Source: Video and Images Created by Amanda Soderlind
Welcome to this lesson on bone structure and function.
Today we'll be talking about the structure and function of bones, as well as how bones develop.
Bones are basically the building blocks of the skeletal system, and they're a type of connective tissue. If you were to actually take a look at a bone, the outside of the bone, the part that you're looking at, is the periosteum. The periosteum is a double layer membrane that makes up the outer covering of bone.
Two cells that we're going to talk about today that are important in bone growth and bone structure are osteoblasts and osteoclasts. We're first going to talk about osteoblasts.
Osteoblasts are a type of cell that are found in the second layer of the periosteum Osteoblasts are responsible for building bone. So their job is to help build bone. These osteoblasts help to build bone, and when the area around them has mineralized-- and for a bone to mineralize, it requires calcium-- so when that area around the osteoblast has mineralized, it becomes an osteocyte. So osteoblasts will form bone when the area around the osteoblast mineralizes. It becomes an osteocyte. And now osteocytes will no longer form bone matrix, and so they are basically just a mature bone cell. They do not form bone anymore. So osteoblasts build bone.
Osteoclysts, second type of cell, are cells that break down bone. So we have cells that build bone, and cells that break down bone. Now both of these types of bone cells are really important in bone remodeling. Bone remodeling allows our bodies to maintain calcium levels. We need certain levels of calcium in our blood. If calcium levels in our blood are too low, osteoclasts will break down bone, and release calcium into the blood. And then osteoblasts will help build bone if there's access calcium in the blood. So these two are both very important in bone remodeling which maintains, as I said, the calcium levels in the blood, and also helps keep bones resilient.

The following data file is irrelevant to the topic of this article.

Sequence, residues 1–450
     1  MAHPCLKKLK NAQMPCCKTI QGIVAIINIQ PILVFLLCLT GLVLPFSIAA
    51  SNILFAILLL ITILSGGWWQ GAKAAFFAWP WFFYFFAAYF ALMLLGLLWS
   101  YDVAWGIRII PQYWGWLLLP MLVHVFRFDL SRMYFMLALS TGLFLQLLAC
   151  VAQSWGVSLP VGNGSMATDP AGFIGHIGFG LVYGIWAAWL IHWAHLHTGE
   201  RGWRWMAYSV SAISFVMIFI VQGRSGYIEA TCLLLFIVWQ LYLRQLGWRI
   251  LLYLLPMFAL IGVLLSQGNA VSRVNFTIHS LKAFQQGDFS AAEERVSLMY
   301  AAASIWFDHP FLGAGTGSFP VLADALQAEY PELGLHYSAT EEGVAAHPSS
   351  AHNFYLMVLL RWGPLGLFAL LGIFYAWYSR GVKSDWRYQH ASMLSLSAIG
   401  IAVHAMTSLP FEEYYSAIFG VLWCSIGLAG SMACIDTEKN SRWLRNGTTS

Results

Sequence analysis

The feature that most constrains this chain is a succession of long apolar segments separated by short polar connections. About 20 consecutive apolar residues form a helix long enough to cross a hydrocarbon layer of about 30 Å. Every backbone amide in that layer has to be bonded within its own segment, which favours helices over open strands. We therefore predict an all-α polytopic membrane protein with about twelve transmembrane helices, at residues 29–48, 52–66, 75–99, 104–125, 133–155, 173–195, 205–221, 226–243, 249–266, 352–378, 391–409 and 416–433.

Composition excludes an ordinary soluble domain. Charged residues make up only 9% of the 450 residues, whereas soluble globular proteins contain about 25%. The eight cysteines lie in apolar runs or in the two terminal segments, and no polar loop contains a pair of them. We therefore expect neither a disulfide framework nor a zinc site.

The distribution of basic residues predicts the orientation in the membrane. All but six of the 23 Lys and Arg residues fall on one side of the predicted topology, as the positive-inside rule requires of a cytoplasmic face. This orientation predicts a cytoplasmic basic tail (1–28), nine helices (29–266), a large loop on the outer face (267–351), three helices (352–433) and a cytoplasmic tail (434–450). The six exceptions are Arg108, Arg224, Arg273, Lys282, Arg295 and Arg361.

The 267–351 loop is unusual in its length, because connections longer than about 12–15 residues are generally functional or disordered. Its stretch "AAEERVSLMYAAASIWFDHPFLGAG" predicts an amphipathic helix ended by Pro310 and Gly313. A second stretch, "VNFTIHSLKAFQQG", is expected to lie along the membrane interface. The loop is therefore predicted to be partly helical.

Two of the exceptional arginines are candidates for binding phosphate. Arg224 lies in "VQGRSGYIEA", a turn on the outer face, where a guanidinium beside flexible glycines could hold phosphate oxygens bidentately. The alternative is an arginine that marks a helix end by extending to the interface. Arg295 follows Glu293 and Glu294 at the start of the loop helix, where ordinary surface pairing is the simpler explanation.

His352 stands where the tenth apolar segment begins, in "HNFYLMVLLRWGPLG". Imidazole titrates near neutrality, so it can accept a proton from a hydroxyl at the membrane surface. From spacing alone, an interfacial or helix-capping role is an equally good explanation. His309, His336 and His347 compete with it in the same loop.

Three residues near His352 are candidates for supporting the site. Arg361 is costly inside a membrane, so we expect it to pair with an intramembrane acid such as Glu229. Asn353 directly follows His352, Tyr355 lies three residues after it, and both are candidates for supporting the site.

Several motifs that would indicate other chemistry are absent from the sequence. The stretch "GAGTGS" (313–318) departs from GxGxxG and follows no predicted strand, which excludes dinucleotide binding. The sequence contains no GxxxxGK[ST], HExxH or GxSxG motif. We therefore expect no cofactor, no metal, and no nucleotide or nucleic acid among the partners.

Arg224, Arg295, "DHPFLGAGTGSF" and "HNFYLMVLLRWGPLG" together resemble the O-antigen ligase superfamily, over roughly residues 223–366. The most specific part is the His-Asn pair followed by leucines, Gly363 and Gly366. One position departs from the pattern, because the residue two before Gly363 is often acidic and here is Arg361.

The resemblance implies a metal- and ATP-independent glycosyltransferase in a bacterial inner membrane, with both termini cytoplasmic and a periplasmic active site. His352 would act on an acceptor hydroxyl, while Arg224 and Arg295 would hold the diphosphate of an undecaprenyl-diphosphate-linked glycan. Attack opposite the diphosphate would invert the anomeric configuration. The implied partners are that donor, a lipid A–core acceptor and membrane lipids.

There are two types of bone tissue, spongy and compact. The names kind of give you an idea of what they're like. Spongy bone tissue is found inside the shaft and at the ends of bones, and it's made up of tiny flattened struts that are fused together. So looking at it, you wouldn't think that it's very strong, but spongy bone is actually a fairly strong type of bone because it has all these tiny flattened struts all fused together in this web.
Compact bone is dense bone, and it's found at the shaft and the outer parts of long bone. If we take a look here, this is going to show us compact bone. Compact bone forms in circular layers. You can see our circular layers right here. And each of the circular layers is called an osteon. So it forms in these circular layers, and in the middle of each circular layer is a hollow canal. In this hollow canal is room for blood vessels and nerves. So you can see some blood vessels in our diagram right here. Blood vessels will carry substances to and from osteocytes, which we discussed up here, which are those bone cells. So we have the osteons, with the canal in the middle, for service for blood vessels and nerves. So this is a little bit of the structure of a compact bone.
Bones also contain bone marrow, and there are two types of bone marrow. Yellow and red. Bone marrow is found in the shaft cavity of a bone. We'll get to that a little bit more in just a moment here. But the two types of bone marrow, as I mentioned, are yellow and red. In adults, most of our bone marrow is actually yellow bone marrow, which serves for fat storage. Red bone marrow actually produces red blood cells and white blood cells, but most adults do not have a whole lot of red bone marrow. It can be found in a few bones within our body, a few of our flat bones, but most adults actually have more yellow bone marrow than red.